Social Links: Fostering Connections with Loved Ones

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20 December 2022

Writer: Rafael Reyes

Researcher: Rafael Reyes

Graphics: Sarah Mondoy, Jia Moral

 

The wide reach of the internet created an era where meeting people and making friends are more accessible than ever before. Online communities and social networking sites have become virtual bridges, instrumental in fostering connections—even more so during the pandemic. As the world slowly returns to form, we’re also returning to our busy lives, possibly away from the communities we joined. It doesn’t have to be that way.

The myth of Dunbar’s number

“Dunbar’s number” is a popular claim that asserts people can only maintain 150 friends [1]. In an era where making friends is as easy as sending a friend request, the claim is often cited as an argument to work towards keeping quality relationships over quantity.

A 2021 study disputes the magical number and concludes that even with testing other numbers besides 150 people, the idea of limiting becomes pointless [2]. Because of the complexity of human relationships, it’s difficult, if not impossible, to indicate a hard limit on how many friends and loved ones a person can maintain in their lifetime [2].

Our connections are essential in working through life’s hardships, no matter how shallow or deep. It’s how our civilization has stood tall across two millennia [3], and it will undoubtedly be what will keep us going toward the future.

Fostering Connections in a Post-COVID World

COVID-19 and its subsequent effects have left their mark on our people’s history. How we conduct ourselves every day changed substantially, including how we make friends and meet distant relatives.

As a health and safety measure, governments worldwide implemented lockdown policies to contain the spread of the virus [4]. Consequently, being isolated from others incited feelings of loneliness, especially the longer one has to stay separated [4]. Being left alone for longer than average can increase the risk of heart disease and worsen cognition [3].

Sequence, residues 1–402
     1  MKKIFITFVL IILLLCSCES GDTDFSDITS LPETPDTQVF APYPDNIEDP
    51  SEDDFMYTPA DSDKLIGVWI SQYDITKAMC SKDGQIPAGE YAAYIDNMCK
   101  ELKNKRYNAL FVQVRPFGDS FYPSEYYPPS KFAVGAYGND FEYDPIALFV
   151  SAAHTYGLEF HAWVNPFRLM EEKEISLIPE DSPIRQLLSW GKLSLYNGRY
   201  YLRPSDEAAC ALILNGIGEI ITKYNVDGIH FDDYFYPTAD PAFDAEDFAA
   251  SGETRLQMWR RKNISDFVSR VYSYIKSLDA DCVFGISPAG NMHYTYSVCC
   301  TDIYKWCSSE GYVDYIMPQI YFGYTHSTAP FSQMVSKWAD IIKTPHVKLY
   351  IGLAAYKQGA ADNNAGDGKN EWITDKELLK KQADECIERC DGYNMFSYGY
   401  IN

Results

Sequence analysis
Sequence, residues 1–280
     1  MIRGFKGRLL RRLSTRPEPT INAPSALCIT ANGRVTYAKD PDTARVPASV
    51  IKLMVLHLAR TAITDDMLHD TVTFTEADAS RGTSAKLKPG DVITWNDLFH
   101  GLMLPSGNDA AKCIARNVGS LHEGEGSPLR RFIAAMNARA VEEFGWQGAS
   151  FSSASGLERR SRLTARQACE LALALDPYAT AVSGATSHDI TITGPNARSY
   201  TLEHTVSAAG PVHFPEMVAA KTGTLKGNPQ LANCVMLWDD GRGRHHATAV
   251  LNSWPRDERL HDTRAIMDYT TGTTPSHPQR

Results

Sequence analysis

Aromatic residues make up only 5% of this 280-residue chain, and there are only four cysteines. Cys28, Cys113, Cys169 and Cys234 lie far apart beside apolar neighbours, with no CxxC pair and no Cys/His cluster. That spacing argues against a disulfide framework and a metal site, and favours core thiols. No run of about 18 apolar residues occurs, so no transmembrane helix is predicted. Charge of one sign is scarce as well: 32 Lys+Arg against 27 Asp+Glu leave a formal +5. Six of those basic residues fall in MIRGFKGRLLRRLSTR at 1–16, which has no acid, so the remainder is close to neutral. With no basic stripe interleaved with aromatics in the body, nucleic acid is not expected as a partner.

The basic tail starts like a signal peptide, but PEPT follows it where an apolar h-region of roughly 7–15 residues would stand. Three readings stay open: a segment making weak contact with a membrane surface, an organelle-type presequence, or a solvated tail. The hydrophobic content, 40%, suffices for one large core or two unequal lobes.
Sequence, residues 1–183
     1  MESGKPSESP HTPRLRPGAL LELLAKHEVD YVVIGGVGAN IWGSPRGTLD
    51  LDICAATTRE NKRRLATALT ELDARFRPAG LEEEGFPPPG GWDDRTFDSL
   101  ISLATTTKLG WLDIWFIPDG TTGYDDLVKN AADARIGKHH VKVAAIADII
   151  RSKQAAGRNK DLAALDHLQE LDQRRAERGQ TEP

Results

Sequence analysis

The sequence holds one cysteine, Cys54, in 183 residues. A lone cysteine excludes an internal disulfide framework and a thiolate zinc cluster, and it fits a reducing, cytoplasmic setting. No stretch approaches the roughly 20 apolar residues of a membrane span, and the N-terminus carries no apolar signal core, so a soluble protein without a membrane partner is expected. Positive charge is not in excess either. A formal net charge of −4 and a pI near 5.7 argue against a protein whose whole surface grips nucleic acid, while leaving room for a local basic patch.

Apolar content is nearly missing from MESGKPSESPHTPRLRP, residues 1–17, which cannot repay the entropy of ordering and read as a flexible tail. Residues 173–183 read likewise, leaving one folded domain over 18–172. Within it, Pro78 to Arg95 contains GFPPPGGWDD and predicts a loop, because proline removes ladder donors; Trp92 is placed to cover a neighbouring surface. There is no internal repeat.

It’s possible to feel lonely even when one isn’t physically isolated from others. In particular, lower feelings of belongingness can lead to facing harder mental health challenges in the future [3].

In a post-COVID world, here are some ways to build and maintain connections with others:

Schedule quality time with friends and family

Shifting towards a work-from-home or an online class setup has granted family members more freedom with their time [4]. While the world is slowly shifting towards the new normal, there’s still some freedom as we use the online setup like last year.

It’s best to seize the opportunity and plan out things to do—online or offline—with friends and family. Structuring our day helps us maintain physical and mental well-being [4]. Start a marathon for a TV series, play party and board games, or even catch up with others about life. With Christmas vacation around the corner, the holidays have never been brighter.

Whatever the plans you have during that quality time often matters little. The key factor that will improve your connections with your loved ones is the enjoyment everyone gets from spending time together. When we’re having a good time, we can put down the weights that burden us for a brief moment of respite.

Be the first to reach out